Michelangelo’s David not censored at Expo, officials say
Standing tall in Italy’s pavilion at Expo 2020 Dubai is an exact replica of Michelangelo’s statue of David, but most visitors will see just the head. For the rest of the naked body, they’ll have to lean in and peek.
The 5.2-metre (5.5 yard) statue, created using 3D printers, is partially visible from two floors in the pavilion, with the head and torso appearing on the top level and the genitalia, buttocks and legs on the bottom.
The public are welcome to visit the upper level, where they can clearly see the head and shoulders, while the lower level is reserved for VIPs, dignitaries and institutional visitors who can view David’s lower portions.
The way the statue has been displayed has been criticised by some Italian media, who said it was a form of censorship in the Muslim United Arab Emirates that is hosting the world fair.
Considered one of the more open-minded Gulf nations, the UAE late last year revamped an array of laws in a social liberalisation drive designed to burnish its progressive brand.
Organisers have denied any censorship of David, saying that the display “was functional to allow visitors looking at the statue from the first floor of the pavilion to see the David at eye-level”.
In a statement, artistic director Davide Rampello said it was a different and “more introspective perspective” than is available of the original Renaissance masterpiece at the Galleria dell’Accademia in Florence.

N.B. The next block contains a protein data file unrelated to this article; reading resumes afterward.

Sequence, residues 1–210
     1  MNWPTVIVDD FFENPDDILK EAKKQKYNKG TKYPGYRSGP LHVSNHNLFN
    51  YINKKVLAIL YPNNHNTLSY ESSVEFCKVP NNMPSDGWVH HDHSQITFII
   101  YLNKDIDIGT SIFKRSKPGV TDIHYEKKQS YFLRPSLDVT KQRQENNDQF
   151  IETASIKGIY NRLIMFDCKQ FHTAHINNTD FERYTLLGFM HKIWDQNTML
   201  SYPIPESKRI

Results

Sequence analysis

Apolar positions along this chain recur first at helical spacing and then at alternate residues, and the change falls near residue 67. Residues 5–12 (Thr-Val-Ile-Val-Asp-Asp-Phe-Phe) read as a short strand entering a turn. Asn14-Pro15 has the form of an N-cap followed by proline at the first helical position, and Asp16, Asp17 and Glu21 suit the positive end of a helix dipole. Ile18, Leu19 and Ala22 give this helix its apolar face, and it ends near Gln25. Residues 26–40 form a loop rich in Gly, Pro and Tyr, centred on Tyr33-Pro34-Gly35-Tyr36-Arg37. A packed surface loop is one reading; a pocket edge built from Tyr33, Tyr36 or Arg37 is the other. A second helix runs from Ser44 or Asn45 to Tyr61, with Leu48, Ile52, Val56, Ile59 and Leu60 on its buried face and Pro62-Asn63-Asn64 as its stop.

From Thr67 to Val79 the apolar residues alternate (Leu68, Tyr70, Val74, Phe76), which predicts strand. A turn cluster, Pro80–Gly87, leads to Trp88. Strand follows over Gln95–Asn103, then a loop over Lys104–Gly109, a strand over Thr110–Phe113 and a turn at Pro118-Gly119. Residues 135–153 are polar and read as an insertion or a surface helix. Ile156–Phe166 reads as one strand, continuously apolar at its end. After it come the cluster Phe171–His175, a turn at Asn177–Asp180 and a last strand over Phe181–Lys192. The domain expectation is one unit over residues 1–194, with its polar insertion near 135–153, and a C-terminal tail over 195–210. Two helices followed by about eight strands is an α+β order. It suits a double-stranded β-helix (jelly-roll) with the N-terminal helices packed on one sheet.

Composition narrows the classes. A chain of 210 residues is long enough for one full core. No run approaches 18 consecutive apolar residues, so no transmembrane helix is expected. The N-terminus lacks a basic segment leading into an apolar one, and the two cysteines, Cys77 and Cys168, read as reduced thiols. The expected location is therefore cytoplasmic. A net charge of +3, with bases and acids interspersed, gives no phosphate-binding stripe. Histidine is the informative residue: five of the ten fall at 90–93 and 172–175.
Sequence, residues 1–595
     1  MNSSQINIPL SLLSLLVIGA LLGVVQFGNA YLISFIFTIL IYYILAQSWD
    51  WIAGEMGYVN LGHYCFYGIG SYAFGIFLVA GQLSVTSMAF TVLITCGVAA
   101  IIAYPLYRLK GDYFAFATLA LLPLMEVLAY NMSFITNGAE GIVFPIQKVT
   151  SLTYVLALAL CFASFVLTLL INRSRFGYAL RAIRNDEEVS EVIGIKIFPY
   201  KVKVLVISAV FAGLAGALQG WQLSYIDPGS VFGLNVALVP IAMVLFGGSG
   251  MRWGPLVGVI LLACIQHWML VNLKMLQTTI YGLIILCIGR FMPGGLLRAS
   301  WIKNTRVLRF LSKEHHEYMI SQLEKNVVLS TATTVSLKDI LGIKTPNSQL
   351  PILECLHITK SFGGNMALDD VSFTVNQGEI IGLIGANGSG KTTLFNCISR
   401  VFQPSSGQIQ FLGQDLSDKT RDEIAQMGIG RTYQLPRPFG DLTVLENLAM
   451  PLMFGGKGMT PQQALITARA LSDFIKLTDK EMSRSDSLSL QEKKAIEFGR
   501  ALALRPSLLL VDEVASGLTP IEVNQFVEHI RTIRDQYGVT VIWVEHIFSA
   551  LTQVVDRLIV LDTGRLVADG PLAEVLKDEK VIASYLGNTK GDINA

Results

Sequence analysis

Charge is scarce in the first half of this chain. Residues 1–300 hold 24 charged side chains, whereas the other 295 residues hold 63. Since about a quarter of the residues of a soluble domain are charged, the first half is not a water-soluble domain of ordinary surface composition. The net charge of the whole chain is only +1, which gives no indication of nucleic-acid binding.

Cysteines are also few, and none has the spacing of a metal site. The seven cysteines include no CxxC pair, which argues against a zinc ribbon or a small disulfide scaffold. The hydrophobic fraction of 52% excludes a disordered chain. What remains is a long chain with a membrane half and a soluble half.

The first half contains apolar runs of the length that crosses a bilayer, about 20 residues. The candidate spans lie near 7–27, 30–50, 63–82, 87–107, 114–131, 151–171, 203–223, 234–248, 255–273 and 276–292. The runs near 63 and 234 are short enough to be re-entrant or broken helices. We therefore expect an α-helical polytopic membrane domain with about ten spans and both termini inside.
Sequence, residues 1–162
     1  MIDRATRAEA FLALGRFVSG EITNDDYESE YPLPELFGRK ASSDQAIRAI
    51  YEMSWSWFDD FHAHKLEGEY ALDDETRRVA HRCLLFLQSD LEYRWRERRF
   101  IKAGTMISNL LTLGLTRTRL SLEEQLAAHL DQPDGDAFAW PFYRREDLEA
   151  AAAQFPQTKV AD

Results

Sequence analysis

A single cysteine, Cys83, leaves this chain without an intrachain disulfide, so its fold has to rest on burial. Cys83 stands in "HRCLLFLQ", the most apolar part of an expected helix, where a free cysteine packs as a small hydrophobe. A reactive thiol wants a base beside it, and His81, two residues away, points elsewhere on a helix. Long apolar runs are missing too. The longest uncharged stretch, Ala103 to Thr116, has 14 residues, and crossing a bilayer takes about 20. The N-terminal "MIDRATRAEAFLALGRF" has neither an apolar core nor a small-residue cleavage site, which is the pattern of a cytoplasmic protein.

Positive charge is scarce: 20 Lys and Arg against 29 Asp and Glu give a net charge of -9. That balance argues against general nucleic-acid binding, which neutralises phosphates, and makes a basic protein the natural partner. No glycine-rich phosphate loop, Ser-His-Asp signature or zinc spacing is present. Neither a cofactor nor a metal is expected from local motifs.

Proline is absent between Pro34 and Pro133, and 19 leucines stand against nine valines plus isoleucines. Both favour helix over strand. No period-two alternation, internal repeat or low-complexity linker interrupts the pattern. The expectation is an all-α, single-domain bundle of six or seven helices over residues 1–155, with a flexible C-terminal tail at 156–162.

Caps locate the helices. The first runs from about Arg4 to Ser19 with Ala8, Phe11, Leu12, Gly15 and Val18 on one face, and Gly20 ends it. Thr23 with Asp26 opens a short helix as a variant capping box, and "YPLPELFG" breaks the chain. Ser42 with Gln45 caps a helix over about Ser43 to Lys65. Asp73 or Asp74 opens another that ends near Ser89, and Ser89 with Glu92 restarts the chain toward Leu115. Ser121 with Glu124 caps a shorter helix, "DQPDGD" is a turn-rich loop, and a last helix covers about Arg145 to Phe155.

It said that the “proof that no censorship has been imposed” lies in the fact that UAE dignitaries took part in the unveiling of the full statue in April.
Organisers also said there were daily meetings on the lower floor involving high-level personalities who “are free to observe… the lower part of the statue that is fully exposed”.
Dubai opened Expo 2020 last week with a flashy ceremony boasting fireworks and light displays in an attempt to woo visitors despite the coronavirus pandemic.
Italy commissioned the copy of the David statue to represent the country at Expo, which was delayed a year due to Covid-19.
It was made by a team of technicians at Hexagon Italia, under the curatorship of the University of Florence, who produced a high-definition physical copy finished off by master restorers.
The original was sculpted between 1501 and 1504 from a single block of marble, depicting the Biblical hero David, who killed the giant Goliath with his sling.
It was scanned and the replica created out of acrylic resin. At 550 kilograms (1,200 pounds) including the base, it is 10 times lighter than the original.